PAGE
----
Q: Was there anything you wanted to put in the demo that you had to cut?

I managed to include almost everything I had planned. I think the biggest omission was the Eagle from the Meerkat short film, which I intended to use as a playable character. It uses next-gen quality feather rendering, and Epic Games shared the whole project in their store (and since it’s already licensed for use with Unreal Engine projects, it wouldn’t have been ill-eagle to use it or anything). However, it caused a really big frame-rate drop playing in my current setup (GTX 1060 + i7-7700HQ). I could’ve included it anyway as an option for players with more powerful computers, but I decided to prioritize other things. I wonder what the game’s name would’ve been… Definitely not “Eagle Down Showdown”. 🤔

I also wanted to include gyro-assisted controls when playing with a controller that supports that (e.g. DualShock 4, DualSense, or Switch Pro Controller). However, those features only seem to be available for developers with a PlayStation or Switch devkit, neither of which I own. D: So at least until I find a way to process their raw input or get a devkit, keyboard + mouse will be the most precise way to play the game.

Q: If Crow Down Showdown became a full commercial game, what do you think would have to be different about it?

Features such as online leaderboards and being able to race against your friends’ ghosts are always expected when you buy a game of this type, so I would definitely need to add them. But the most important thing would be having a LOT of levels.

Speaking of levels, while I was able to use assets from different sources and put them together in a way that looked and sounded nice for the level in this demo, for a commercial game it would be ideal to have a team with at least one specialist of each discipline to keep a consistent art/sound direction across the whole project.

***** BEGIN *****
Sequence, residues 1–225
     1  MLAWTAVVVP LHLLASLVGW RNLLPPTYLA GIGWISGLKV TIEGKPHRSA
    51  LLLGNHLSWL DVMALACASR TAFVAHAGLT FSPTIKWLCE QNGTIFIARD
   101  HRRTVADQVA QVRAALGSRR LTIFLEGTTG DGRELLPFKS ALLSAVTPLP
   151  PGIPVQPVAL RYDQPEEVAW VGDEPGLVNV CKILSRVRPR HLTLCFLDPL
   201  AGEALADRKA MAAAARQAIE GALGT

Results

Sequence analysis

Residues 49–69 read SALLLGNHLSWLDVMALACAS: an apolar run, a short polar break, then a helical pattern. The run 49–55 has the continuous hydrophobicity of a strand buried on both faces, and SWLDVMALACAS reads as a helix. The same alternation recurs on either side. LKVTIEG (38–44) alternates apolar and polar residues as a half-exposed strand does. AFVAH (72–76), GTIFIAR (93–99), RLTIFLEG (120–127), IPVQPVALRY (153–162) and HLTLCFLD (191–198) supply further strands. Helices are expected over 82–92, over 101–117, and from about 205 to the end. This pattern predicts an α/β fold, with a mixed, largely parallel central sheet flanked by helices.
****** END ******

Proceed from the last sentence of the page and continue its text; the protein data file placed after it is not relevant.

Q: Are you still working on that other action/adventure project with the anime girl from your other Unreal posts?

Of course! Technically, this is still that same project. I actually started working on these flight mechanics for that character, as a power-up that would give her wings and let her fly. However, as I was struggling to find good wing models and flight animations for humans, I remembered that I had access to an asset pack with a bunch of animated animals, including a bird! So I quickly made an animation blueprint for that, used the same Flight component I had already created (it’s compatible with any subclass of Character!), and saw that everything was working quite well! Controlling a bird instead of a human meant interacting with the world from a smaller scale, which is something that I have really enjoyed in games since Toy Story 2, and being able to fit through tight spaces is something that comes in really handy in a flight level!

At that point, I realized that it would be much faster to finish a level focusing on these flight mechanics, than one with my combat/platforming mechanics. Even though I had already made a lot of progress in my parkour and weapon systems, I was also struggling to find good animations for them, and hadn’t even started creating enemies yet, let alone AI. Now, with the extra knowledge that I’ve acquired working on Crow Down Showdown, I am feeling a lot more confident about facing those challenges. And thanks to some Epic timing, Unreal now has this awesome feature called Control Rig for rigging and animating skeletal meshes, which I’m really looking forward to learning and making use of.

Thank you very much for reading this post, and I hope you enjoy the demo! If you do enjoy it and feel like supporting my work, you could really make my day by sharing this post or the download link below with your friends or posting videos/screenshots of your gameplay with the hashtag #CrowDownShowdown. If you’re feeling generous, you can choose to send a donation when downloading the game from Itch.io, or donate directly to my Ko-fi page, which I created recently. And if you end up not liking the game, I don’t know, share it with your enemies or something. ¯\_(ツ)_/¯ Either way, I’d love to hear your feedback in the comment section. Feel free to ask any questions that weren’t in this Q&A, too!